Northern Powerhouse Rail: Calls for 'more direct route' that is cheaper to deliver

An MP is urging the Government to adopt “an alternative proposal” for Northern Powerhouse Rail, claiming it would be cheaper and easier to deliver.

Tory MP for Stoke-on-Trent South Jack Brereton said a line could be built along a “shorter route” between Liverpool and Leeds, with a through station in Manchester.

Under the original proposal, around 40 miles of new lines were going to be built between Warrington and Marsden, in West Yorkshire.

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But Northern Powerhouse Rail (NPR) services were also going to share 24km of HS2 railway line between Manchester Piccadilly and High Legh (to the west).

MP Jack BreretonMP Jack Brereton
MP Jack Brereton

When the northern leg of HS2 was scrapped in October, the Government said it would still provide £12bn to “allow the delivery of NPR as previously planned”.

However, rail consultant Trevor Parkin has claimed lines could be built along “a far more direct route” between Liverpool and Leeds, via Manchester.

Speaking to MPs in November, he said it is more “sensible” than building “a turnback station where trains have to pull into Manchester Piccadilly and pull out in the opposite direction”.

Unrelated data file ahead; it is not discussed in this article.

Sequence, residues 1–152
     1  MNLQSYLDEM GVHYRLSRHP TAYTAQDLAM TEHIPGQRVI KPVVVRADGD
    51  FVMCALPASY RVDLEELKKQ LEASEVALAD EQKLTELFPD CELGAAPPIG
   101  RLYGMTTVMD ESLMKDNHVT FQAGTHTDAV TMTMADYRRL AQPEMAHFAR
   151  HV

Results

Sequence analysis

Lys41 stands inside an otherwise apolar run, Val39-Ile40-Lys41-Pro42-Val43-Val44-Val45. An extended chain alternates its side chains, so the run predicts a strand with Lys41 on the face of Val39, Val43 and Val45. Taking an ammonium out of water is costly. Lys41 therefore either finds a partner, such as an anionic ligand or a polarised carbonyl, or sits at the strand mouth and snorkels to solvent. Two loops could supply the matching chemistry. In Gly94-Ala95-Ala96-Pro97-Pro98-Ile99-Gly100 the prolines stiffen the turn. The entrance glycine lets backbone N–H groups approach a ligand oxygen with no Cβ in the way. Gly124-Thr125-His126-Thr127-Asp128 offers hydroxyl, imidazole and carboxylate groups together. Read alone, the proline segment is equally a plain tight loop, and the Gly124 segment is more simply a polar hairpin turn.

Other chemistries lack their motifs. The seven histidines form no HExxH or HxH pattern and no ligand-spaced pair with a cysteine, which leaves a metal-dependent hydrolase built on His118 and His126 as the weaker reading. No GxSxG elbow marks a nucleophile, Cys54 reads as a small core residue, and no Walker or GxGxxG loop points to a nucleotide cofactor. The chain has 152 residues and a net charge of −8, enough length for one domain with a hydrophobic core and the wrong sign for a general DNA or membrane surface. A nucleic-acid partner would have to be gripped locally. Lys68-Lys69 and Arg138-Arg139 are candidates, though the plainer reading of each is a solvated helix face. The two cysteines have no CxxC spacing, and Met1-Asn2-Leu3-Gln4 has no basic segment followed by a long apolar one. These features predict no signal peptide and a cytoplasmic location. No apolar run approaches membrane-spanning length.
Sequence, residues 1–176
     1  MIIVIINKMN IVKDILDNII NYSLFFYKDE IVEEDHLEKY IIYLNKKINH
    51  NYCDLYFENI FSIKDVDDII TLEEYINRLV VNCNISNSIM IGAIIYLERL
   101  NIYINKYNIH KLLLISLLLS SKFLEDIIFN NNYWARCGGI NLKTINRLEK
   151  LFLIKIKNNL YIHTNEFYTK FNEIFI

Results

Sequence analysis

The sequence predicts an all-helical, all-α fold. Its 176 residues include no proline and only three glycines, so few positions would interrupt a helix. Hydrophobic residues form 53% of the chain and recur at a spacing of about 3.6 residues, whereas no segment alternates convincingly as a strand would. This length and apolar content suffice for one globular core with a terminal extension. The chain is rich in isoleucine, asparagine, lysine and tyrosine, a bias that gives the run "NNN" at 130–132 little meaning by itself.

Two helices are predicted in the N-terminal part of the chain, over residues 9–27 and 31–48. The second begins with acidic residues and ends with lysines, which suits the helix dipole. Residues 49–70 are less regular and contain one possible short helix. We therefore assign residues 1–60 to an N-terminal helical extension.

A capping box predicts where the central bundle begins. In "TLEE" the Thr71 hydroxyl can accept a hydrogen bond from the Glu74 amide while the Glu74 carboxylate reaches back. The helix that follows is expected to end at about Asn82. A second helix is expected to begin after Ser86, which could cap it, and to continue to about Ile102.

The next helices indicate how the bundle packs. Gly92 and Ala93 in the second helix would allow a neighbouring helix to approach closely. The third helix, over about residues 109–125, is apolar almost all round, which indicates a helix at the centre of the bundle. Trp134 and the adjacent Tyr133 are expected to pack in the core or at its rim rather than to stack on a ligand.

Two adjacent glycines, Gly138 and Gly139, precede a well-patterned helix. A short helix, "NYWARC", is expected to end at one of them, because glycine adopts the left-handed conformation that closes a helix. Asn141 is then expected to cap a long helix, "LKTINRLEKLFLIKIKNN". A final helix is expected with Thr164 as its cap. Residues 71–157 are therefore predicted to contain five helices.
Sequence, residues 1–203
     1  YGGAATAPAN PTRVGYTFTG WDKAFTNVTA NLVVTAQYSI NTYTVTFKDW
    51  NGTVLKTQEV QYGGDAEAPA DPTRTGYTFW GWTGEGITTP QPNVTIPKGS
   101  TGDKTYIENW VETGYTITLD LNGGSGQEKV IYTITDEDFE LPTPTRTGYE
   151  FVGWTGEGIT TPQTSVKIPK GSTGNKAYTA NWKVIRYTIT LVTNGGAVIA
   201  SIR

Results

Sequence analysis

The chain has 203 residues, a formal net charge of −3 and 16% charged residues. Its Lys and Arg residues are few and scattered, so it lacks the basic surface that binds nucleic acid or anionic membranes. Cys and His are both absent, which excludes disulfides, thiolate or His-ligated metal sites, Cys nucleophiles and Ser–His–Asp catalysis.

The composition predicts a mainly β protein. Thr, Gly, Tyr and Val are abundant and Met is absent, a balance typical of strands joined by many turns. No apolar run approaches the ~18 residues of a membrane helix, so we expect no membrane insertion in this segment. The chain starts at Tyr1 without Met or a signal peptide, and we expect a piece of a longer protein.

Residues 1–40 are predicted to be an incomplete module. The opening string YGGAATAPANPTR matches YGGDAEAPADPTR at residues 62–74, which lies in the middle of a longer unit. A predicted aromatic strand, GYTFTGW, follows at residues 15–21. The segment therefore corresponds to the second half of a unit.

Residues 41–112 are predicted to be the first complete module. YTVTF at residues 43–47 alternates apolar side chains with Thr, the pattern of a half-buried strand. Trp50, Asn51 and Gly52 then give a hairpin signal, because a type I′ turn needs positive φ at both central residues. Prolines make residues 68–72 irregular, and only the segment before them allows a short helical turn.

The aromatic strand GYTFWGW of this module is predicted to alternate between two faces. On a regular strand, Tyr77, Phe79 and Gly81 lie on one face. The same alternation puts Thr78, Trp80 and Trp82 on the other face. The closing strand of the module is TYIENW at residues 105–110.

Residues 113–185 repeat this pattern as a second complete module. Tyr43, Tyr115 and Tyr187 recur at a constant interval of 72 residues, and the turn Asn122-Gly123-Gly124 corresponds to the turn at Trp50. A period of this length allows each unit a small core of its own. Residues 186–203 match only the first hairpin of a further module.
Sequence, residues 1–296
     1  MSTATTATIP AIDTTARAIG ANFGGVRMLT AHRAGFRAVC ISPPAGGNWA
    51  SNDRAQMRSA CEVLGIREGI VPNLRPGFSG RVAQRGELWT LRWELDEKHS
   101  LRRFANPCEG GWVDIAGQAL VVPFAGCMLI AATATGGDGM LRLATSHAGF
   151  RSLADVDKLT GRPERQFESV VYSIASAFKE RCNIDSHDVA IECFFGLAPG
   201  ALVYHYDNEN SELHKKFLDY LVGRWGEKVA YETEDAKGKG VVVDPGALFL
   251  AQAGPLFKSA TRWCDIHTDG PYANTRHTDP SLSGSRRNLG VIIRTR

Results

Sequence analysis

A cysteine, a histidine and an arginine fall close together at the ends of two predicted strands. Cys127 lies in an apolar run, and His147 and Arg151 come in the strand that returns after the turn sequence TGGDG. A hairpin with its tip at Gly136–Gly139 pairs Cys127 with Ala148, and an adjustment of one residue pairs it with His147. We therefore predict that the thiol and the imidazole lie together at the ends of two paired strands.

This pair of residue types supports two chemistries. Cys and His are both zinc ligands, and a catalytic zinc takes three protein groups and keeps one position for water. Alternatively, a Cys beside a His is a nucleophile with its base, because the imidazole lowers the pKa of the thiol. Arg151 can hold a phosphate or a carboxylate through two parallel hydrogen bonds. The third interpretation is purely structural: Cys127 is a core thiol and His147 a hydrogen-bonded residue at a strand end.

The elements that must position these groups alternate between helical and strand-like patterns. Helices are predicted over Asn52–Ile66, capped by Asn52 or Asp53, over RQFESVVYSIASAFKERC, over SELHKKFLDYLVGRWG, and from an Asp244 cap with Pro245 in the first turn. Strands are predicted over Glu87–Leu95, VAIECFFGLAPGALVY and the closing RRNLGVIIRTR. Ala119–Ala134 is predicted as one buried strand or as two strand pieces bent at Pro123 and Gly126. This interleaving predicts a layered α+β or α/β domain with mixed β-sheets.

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Mr Brereton, who sits on Parliament’s Transport Committee, urged the Government to adopt Mr Parkin’s proposal during a debate in Parliament yesterday.

Picture by Bruce RollinsonPicture by Bruce Rollinson
Picture by Bruce Rollinson

“A different, shorter route which could offer a much more viable solution to NPR,” he said. “This could mean delivering NPR sooner, with greater benefit and at a third of the cost currently proposed.”

Plans for a multi-billion rail network that would increase capacity and cut journey times were outlined two years ago in the Government’s Integrated Rail Plan (IRP), which said new passengers would begin travelling on the new high-speed lines in “the early-mid 2040s”.

But those proposals are now being updated after Rishi Sunak decided to scrap the second phase of HS2 and spend £36bn on hundreds of other transport projects.

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The Department of Transport said it is drawing up a business case for NPR, which will set out the route, a budget and a timeline.

It is now looking to upgrade and electrify lines across the region, running from Liverpool to Hull, and exploring plans to build high-speed rail lines between Warrington and Marsden.

Mr Sunak has also promised to connect Bradford to the NPR network by building a line which runs into a new station in the city.

According to the plan, it will allow passengers to travel from Manchester to Bradford, via Huddersfield, in just 30 minutes.

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The Government has previously refused to deliver Transport for the North’s plan for a £43bn NPR network, with new high-speed lines running between Liverpool and Leeds, via Bradford, claiming it offered poor value for money.